AMES, Iowa -- Samantha Edwards has finalized her platform and composed her competitive speech. Although nervous, she's excited about sharing her message at the Ms. Wheelchair America 2011 competition. Edwards will be one of 28 contestants who vie for the national title, Aug. 9-15 in Grand Rapids, Mich.
The Ms. Wheelchair America competition is for women who happen to be wheelchair users. It's is not a beauty pageant, however. The panel of judges selects the most accomplished and articulate spokeswoman based on advocacy, achievement, communication and presentation.
Edwards is more than qualified. The Iowa State University junior from Marshalltown was born with cerebral palsy and received her first wheelchair when she was four. She majors in journalism and mass communication, and is president of the ISU club Alliance for Disability Awareness. Edwards volunteers at the Red Cross and the public library. And she mentors others with disabilities, "strongly" encouraging them to go to college.
"I just try to get the word out about the importance of being an active citizen," Edwards said.
It's something she's passionate about. And she believes the best way she can do that is by example.
Since being crowned Ms. Wheelchair Iowa in March, Edwards has spoken to several groups around the state about the importance of being active in their communities.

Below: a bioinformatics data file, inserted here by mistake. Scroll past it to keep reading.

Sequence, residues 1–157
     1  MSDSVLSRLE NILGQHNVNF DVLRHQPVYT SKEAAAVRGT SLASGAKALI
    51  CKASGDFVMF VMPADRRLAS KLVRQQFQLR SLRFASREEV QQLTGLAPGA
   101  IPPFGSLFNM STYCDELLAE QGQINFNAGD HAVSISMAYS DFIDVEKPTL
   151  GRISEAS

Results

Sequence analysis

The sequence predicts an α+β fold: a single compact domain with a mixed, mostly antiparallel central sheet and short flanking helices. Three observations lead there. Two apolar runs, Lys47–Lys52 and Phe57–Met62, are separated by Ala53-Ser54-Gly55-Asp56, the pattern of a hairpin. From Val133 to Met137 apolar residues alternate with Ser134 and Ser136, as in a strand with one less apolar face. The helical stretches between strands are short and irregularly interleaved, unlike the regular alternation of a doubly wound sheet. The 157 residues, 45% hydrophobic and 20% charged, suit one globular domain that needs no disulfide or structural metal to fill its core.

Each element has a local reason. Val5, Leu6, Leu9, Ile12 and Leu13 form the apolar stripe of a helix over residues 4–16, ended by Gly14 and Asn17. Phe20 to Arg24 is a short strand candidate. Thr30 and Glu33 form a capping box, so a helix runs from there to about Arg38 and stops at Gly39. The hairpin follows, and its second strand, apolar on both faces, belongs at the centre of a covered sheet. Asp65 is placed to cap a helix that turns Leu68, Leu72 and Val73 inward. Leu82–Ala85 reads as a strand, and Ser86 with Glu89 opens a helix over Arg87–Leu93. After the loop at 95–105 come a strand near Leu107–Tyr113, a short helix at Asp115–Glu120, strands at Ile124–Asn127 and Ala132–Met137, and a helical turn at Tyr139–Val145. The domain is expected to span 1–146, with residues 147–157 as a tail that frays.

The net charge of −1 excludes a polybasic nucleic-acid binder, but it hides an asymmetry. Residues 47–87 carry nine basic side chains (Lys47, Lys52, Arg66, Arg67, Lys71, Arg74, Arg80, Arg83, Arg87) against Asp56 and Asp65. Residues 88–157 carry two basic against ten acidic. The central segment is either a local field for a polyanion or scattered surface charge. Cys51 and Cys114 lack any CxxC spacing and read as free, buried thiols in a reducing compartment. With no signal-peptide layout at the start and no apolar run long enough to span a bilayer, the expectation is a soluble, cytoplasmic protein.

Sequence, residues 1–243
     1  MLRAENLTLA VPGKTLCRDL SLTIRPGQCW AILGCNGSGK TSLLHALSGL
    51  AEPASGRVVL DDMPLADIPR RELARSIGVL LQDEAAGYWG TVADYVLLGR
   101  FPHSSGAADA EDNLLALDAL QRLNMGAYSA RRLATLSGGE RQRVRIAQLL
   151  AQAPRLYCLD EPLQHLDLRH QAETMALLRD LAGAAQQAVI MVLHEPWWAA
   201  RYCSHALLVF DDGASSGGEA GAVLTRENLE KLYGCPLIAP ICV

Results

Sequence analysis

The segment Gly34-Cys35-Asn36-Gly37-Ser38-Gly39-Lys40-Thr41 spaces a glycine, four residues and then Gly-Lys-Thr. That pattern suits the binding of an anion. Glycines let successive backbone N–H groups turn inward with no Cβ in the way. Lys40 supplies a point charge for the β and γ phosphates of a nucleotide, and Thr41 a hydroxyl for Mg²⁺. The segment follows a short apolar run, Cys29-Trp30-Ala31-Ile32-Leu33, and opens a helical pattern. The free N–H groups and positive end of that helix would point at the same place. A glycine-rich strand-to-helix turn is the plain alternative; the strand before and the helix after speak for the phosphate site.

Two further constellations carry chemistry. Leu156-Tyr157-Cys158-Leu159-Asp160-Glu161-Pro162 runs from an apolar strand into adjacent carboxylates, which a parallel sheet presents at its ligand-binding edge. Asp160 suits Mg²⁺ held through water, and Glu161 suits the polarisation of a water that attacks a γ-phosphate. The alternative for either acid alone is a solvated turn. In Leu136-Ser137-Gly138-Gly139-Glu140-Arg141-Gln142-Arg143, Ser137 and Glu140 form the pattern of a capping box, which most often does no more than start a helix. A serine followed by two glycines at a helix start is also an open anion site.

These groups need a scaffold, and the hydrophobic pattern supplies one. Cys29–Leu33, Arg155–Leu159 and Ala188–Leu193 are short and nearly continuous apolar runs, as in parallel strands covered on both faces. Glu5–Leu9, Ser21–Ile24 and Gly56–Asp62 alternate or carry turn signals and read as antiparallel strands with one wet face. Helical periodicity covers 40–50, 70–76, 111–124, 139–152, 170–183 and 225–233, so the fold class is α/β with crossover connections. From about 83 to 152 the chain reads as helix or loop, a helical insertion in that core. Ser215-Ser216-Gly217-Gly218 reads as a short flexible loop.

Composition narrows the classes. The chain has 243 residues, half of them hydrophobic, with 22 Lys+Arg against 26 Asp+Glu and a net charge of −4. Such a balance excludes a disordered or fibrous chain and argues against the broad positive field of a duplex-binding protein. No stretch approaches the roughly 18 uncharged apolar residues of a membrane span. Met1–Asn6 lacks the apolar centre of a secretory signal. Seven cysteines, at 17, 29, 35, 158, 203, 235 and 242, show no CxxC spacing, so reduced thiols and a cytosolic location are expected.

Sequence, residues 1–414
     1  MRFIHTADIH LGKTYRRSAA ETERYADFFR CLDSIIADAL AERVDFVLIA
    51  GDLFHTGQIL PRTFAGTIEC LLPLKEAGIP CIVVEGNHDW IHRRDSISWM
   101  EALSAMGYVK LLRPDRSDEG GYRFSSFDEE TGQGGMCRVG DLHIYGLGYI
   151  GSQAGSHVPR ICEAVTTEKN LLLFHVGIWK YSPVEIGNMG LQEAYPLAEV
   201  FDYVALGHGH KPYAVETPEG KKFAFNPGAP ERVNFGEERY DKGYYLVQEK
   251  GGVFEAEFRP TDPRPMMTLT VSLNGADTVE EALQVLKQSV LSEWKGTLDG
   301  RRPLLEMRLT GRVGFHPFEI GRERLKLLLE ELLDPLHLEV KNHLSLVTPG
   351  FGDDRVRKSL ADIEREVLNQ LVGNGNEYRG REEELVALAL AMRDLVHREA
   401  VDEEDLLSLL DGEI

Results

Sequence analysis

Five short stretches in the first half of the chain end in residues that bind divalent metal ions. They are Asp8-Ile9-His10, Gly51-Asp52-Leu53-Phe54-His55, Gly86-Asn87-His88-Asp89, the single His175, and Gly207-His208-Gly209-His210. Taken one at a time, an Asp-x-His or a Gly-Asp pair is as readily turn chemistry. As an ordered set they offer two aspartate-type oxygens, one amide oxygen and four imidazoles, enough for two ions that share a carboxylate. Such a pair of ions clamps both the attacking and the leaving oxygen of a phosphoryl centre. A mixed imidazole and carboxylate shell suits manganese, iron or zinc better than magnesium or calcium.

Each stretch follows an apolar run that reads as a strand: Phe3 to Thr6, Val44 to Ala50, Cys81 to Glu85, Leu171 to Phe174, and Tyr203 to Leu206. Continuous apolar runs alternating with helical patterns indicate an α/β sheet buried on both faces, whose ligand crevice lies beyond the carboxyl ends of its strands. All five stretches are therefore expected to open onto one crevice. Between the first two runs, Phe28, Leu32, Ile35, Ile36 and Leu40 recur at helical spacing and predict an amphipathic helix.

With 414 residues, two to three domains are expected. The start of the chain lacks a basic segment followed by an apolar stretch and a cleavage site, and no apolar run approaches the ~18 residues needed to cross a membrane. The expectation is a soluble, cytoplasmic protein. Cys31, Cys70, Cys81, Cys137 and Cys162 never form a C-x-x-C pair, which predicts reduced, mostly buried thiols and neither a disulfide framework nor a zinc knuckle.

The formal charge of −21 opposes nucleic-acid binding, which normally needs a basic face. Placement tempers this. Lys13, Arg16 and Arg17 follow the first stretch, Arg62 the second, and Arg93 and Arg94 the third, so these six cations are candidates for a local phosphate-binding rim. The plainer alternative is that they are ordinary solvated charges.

She threw out the first pitch at a Sioux City baseball game ("That was fun!") and appeared at the grand opening of an Americans with Disabilities art exhibit at the Marshalltown Community College. She spoke at a conference in Waterloo and at the local retirement home.
If Edwards wins the national title? She will try to perform the required duties of her yearlong reign while continuing at Iowa State, which she chose because it's "really accessible," has a good journalism program and is close to home.
Win or lose, Edwards says she has learned a lot from her experiences as Ms. Wheelchair Iowa.
"There are definitely people out there who accomplish a lot and improve the lives of people with and without disabilities," she said. "This experience has just reinforced that I can go through life, be a productive citizen and accomplish my goals!"